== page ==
The garage door opened early Saturday morning, and the van disappeared down the driveway and around the bend. I was left to an empty house and the cavernous silence. Ryan was taking the children to Chicago for the week so I could work without interruption on a book proposal. By Sunday night, I was falling asleep with thoughts of The Shining: “All work and no play makes Jack a dull boy.”Continue Reading
“Clumps of hair fell to the floor. I was razoring my mother’s head, making her bald and vulnerable. This was not an act I had prepared for, but neither was cancer, and we met my mother’s diagnosis six years ago with as much equanimity as possible. I took the phone call—the news—from the couch, one week before I delivered my twins, conspicuously lacking energy for tears and rage. In her year-long treatment to follow—chemotherapy, surgery—there is little I remember. When I comb through memory and look for the file marked “Cancer,” the only one I find and retrieve is “Children.”
There will always be someone to forgive. And the need to be forgiven.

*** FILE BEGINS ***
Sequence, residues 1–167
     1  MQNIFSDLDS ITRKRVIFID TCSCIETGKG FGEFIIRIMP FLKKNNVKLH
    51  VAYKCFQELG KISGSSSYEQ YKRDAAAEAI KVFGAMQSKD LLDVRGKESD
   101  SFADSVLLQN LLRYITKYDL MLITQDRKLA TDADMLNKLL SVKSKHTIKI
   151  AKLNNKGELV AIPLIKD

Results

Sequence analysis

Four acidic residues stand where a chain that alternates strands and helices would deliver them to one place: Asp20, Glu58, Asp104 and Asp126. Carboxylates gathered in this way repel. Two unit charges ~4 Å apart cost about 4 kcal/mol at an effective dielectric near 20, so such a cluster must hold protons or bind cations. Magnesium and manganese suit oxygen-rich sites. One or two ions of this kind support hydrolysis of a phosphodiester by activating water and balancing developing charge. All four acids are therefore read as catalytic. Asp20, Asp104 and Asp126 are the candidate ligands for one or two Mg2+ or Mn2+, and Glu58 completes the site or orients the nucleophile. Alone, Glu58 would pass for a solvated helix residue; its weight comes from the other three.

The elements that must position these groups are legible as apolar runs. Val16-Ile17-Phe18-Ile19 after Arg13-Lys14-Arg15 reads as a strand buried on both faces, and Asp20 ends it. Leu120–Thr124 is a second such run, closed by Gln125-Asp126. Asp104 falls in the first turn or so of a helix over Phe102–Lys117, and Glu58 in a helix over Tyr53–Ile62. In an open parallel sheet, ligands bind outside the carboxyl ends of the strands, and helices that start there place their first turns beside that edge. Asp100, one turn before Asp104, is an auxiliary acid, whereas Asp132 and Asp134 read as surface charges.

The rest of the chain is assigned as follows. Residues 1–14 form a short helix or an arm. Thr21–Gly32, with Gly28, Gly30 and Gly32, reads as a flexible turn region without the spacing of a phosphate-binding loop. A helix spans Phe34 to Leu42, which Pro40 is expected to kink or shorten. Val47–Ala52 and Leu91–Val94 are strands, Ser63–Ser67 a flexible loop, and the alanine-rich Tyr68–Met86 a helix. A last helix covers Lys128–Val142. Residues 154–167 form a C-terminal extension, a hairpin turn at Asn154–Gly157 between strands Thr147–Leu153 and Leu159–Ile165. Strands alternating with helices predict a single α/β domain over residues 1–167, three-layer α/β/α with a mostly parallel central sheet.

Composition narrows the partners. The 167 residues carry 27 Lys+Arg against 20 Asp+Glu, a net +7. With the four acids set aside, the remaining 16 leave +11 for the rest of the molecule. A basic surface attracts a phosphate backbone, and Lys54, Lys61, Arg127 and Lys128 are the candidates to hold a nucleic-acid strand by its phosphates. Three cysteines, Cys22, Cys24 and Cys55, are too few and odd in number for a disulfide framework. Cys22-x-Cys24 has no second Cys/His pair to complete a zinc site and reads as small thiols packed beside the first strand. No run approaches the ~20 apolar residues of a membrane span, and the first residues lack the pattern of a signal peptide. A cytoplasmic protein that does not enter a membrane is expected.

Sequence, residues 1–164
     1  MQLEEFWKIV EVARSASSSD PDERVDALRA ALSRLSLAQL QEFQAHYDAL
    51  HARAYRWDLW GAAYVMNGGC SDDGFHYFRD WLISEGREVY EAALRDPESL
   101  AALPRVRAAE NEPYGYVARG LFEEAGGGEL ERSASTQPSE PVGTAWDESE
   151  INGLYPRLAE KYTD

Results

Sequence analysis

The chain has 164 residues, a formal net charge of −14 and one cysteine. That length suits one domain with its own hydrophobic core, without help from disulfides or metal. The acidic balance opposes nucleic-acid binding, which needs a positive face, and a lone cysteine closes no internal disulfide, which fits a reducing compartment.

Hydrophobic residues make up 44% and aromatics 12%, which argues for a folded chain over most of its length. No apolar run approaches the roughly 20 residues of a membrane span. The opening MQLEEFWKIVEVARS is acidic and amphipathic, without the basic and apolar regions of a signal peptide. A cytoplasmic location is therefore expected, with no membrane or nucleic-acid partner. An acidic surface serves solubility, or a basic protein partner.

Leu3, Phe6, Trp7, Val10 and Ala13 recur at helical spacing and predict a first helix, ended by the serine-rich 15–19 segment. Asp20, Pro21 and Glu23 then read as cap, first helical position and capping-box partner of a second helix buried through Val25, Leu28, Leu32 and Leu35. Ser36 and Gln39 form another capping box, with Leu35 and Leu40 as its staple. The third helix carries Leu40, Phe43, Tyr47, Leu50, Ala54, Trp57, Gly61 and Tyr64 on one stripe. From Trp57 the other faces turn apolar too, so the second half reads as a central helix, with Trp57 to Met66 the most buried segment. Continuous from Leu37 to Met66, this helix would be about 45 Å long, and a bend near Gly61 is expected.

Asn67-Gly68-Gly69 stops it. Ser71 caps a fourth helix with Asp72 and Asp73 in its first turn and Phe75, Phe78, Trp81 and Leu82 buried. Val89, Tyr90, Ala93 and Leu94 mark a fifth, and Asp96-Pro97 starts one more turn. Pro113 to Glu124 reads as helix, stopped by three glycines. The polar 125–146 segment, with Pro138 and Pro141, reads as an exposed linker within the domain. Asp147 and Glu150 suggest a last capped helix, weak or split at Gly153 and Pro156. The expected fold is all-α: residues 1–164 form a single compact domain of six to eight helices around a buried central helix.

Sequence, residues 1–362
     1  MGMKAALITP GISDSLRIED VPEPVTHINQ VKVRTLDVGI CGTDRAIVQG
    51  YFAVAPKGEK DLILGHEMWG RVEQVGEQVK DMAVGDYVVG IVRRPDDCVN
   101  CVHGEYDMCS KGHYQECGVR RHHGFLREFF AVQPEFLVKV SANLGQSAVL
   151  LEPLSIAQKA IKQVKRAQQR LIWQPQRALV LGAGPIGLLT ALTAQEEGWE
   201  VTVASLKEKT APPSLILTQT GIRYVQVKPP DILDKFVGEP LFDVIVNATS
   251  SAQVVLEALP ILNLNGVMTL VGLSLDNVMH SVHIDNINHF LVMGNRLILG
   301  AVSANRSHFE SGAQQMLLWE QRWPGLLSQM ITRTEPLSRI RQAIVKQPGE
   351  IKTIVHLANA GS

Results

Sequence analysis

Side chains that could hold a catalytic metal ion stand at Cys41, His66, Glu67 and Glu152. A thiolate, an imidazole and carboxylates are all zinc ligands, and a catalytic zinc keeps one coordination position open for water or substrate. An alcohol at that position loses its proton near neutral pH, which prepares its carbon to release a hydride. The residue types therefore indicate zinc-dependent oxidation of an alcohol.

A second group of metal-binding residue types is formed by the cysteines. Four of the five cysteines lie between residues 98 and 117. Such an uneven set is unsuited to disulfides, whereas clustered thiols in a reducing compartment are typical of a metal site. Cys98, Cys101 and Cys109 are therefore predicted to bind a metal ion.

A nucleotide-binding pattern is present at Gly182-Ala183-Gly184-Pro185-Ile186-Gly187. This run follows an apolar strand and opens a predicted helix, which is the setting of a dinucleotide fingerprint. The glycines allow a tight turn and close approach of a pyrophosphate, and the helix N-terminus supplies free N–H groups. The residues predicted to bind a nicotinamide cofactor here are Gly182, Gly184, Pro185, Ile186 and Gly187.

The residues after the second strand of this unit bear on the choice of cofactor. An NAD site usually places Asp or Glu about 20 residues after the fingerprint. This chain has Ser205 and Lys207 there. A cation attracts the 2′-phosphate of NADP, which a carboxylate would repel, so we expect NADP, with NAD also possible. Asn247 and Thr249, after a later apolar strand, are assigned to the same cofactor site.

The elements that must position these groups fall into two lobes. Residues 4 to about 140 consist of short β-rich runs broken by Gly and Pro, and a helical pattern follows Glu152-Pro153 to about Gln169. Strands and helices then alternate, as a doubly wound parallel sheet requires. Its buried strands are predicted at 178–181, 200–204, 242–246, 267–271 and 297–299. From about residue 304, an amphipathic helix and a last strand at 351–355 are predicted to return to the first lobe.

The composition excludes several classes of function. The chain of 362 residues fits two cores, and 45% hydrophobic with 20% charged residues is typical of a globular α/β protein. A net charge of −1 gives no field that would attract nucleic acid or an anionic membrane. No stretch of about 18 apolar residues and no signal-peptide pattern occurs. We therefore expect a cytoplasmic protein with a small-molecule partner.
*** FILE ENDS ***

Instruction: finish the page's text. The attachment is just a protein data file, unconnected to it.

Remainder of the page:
Forgiveness may be the greatest of our life’s work, and it is work because it requires the diligent, difficult effort of remembering, revisiting, and then releasing. But the work of forgiveness is not like ordinary work of our hands. Forgiving is not like writing an essay, carving a table, or preparing a savory soup. There is not the finished product of forgiveness from which we stand back, lean on our elbows, and admire. There is not often any real sense of completion and accomplishment for the toil involved.
I am terrified of raccoons. I suppose it began the day when one greeted me from inside my garbage can. I lifted the lid to find a masked bandit burrowing in the trash. And as is true with Toronto raccoons, they scare us far worse than we scare them.
Ryan recently relayed a story typical of their nonchalance: several weeks ago, he was outside in the late afternoon when one casually sauntered down the driveway toward the backyard. Had the raccoon been able to speak, Ryan imagined he would have announced, “Honey, I’m home!”